Adjustments in Co-Loading Arrangements:Co-Loading Arrangement Disclosure Not Required: NVOCCs are not required to note in their tariffs whether their cargo tender involves a co-loading arrangement with another NVOCC.

Carrier-Carrier Co-Loading for LCL Shipments: For carrier-carrier co-loading arrangements, cargoes are limited to LCL shipments. Each NVOCC involved will issue its own house bill of lading for its part of the cargo and act as the common carrier for its respective shipper.

These regulatory changes by the FMC are set to enhance the efficiency and transparency in the maritime shipping sector, reflecting the evolving needs of the industry.


Please Click Here to schedule a follow-up meeting to discuss how these changes will impact your NVOCC operations. 

The series of threats from and attacks by the Houthis, a Yemen-based rebel group, has resulted in ocean carriers announcing rate increases and/or instituting fees or surcharges to recoup expenses associated with longer voyages and/or higher costs of insurance and security.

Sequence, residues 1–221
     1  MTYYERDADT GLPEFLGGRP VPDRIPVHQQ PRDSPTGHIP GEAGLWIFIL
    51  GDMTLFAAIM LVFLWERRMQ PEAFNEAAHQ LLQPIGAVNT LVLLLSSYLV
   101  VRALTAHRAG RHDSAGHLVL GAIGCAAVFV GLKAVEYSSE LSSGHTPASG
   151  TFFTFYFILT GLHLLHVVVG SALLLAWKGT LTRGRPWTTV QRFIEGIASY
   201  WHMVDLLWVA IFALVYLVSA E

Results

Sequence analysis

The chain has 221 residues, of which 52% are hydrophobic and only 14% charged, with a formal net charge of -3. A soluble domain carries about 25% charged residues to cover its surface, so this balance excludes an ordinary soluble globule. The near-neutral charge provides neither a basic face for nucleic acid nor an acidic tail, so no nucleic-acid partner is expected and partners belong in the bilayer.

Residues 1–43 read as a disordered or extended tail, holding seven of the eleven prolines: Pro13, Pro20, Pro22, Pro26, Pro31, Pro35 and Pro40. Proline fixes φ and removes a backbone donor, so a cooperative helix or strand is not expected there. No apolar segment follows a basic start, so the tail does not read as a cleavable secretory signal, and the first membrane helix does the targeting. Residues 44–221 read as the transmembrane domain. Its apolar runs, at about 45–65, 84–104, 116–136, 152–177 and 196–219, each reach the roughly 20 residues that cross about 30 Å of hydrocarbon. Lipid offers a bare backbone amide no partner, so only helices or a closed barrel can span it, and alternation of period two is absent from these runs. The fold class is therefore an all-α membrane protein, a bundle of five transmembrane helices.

The Houthis has publicly threatened to attack shipping in the Red Sea and Gulf of Aden regions which in their view has some affiliation with Israel, and lately even ships coming from or going to Israeli ports. This maritime threat is reportedly greater in the vicinity of the Yemeni Red Sea coastline, where the Houthis forces are occasionally present.


The Federal Maritime Commission says it is aware that ocean common carriers are adjusting vessel operations and deployments in response to these threats but cautions that the increased charges must meet strict legal requirements.


"Competition among carriers must not be suspended and carriers and parties to vessel sharing agreements must continue to obey the Shipping Act, other U.S. competition laws, and all other applicable laws," the FMC said.